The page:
“Glen’s just a mess about it,” Cathy said. “And I do mean a mess. He can’t decide on a damn thing, and that puts me in charge of everything from food to felonies. Would you please try to sit him down for five minutes and nail something down for me?”
“Oh, just do what you did last year, Cathy. It’s not like he’s going to notice.”
“I know,” Cathy said. “He’s such an airhead.”
Joyce laughed and said goodbye, went and poured another cup and settled back on the porch to admire her garden. The azaleas had exhausted themselves long ago, and the Shastas were now coming into their own, as were the hostas she’d planted last October. Lucky’s grave by the holly was marked with a shaggy little stone dog and a weathered scattering of liver snaps.
The bottle tree glistened in the morning sun. One bottle caught the light extremely well, a beer bottle Joyce found behind the back fence that had a white and blue label. The light it caught dazzled. Joyce laughed, picked a hand spade from her garden shelf, walked up to the tree and shattered the bottle into hundreds of pieces. She was still smiling when she heard the phone ring.
. . . . . . . . . .
Glen knocked gently at the barely open door. Joyce lay on the bed, the golden afternoon light pouring onto the floor and casting shadows upon morning windows.
He moved into the room and sat on the edge of the bed. “Honey?”
“How did he get out?”
Glen turned, bowed and rubbed his hands together. “He’s been out.”
Joyce rolled over and looked at her husband’s back.
“It’s been eight years, Joyce. He was convicted as a juvenile. It was not a capital offense. He served five years, and then they put him in a rehabilitation unit. He was clean and sober; he had a job at a Walgreens. He was evaluated twice a month.”
“He just killed our daughter,” Joyce said.
Glen’s shoulders heaved and he began to sob. Joyce reached up and brought him to her and they lay there, crying, while the shadows grew on the wall.
. . . . . . . . . .
The summer office party was never conducted, but as the holidays approached, Glen suggested that the traditional year’s end celebration be held, and to his relief Joyce agreed. The firm had had a very good year, and Glen, as senior partner, always enjoyed giving out bonuses and promotions.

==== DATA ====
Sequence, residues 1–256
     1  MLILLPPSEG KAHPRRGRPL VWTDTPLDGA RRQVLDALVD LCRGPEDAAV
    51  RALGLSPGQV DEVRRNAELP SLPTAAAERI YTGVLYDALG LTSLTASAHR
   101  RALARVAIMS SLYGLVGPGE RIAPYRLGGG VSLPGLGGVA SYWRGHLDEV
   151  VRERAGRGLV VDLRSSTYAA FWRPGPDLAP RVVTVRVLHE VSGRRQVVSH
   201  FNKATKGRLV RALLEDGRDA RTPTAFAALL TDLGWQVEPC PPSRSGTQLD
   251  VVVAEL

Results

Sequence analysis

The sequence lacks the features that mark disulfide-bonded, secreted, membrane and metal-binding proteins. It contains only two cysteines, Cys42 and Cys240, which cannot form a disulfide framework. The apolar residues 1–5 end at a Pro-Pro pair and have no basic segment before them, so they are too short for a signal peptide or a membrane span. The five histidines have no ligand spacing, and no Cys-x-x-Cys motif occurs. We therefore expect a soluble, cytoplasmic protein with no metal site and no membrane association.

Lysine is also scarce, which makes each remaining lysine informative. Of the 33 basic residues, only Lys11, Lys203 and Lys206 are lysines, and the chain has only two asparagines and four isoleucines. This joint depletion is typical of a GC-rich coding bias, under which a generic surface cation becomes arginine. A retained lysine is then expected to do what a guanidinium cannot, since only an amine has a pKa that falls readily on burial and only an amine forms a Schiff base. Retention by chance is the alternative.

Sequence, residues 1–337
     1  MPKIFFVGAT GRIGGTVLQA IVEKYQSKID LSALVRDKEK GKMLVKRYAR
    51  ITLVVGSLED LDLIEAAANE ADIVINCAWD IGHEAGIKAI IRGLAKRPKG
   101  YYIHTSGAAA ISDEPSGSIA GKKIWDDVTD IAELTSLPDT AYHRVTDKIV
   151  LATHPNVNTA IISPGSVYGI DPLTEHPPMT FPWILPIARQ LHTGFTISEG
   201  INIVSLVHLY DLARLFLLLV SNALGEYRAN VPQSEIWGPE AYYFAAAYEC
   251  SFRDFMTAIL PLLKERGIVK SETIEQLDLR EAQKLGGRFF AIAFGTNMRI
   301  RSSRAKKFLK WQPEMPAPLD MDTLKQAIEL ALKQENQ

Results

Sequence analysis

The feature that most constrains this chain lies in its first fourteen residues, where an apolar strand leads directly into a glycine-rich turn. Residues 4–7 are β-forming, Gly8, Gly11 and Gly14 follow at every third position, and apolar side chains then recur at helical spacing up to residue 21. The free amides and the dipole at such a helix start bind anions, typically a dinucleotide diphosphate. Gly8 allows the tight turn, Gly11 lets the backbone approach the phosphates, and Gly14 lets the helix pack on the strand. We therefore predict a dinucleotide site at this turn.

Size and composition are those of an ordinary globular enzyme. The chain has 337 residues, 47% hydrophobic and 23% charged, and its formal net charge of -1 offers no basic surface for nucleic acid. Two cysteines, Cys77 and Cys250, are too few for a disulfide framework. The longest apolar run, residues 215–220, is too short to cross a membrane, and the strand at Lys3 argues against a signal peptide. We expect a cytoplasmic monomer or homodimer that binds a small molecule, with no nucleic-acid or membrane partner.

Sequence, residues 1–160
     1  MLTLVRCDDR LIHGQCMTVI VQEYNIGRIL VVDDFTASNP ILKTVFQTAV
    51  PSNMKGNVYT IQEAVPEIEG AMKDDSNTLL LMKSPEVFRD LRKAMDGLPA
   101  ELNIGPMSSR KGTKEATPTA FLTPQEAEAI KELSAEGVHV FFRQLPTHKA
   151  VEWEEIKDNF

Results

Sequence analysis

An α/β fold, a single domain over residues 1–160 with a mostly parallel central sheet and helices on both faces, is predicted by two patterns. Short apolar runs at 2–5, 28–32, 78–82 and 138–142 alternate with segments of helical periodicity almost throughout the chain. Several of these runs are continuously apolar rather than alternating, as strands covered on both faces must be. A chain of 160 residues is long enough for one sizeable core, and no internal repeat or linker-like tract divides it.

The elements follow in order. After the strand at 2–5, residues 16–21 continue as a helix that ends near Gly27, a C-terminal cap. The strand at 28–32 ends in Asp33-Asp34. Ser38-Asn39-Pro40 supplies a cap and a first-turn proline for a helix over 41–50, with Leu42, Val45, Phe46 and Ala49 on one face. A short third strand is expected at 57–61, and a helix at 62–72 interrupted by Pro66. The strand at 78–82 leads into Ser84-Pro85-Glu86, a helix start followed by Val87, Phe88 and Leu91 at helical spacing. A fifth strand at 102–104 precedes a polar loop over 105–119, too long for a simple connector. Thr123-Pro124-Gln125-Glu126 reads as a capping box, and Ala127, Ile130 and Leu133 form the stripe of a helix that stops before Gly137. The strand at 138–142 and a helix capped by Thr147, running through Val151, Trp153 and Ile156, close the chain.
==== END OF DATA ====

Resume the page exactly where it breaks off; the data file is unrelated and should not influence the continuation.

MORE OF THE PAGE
Predictably, it began on a muted note, but as the night progressed, the mood lifted and Joyce found herself enjoying being around friends. As they were driving home, she and Glen found themselves laughing about Cathy’s QVC jewelry and Jerry Wineman’s new toupee.
It was warm for a winter’s evening; wisps of fog were settling into the low places along the road, and the lights from the house glowed as they pulled into their drive.
Glen grabbed Joyce’s hand and said, “Let’s sit out on the back porch and have another drink.”
“No, Glen,” Joyce said, caressing his hand, “I’d rather not. Let’s just sit in the living room.”
Glen looked at her and said, “You used to love the porch. You used to love looking at the garden. What’s the matter?”
Then Joyce told him about the bottle tree, about Lucky, about Rachel. Glen sighed and said, “Oh, honey, you know that’s just ridiculous. What did they call it in college, synchronicity? Come on, let’s build a little fire in the fireplace and huddle up next to it on a blanket with a couple of beers.”
“I’d rather have a martini,” Joyce said.
After they’d changed, Glen settled Joyce in front of the fire with her drink. “Glen, I know it’s just a bunch of nonsense, coincidences, like you said.”
“Of course they were, and I know it, but I don’t believe you believe it.”
“I do,” Joyce said, “And I’ll prove it to you. Is your 12-gage in the hall closet?”
Joyce retrieved the gun from the closet, along with a box of shells. “Show me how to load it again.” Once the gun was loaded, Joyce slung it over her shoulder and headed out the back door.
“If you stand back about ten yards, you ought to be able to get all of ‘em,” Glen shouted. He smiled, took off his shirt and sipped his beer. Then, with a smile, he slicked back his hair and lay down on the couch. A shot echoed from the backyard.
When Joyce came running back in, she said, “Glen, I got them all! And the trunk is in splinters. I’ll have a hell of a time cleaning up all the glass. Glen? GLEN!”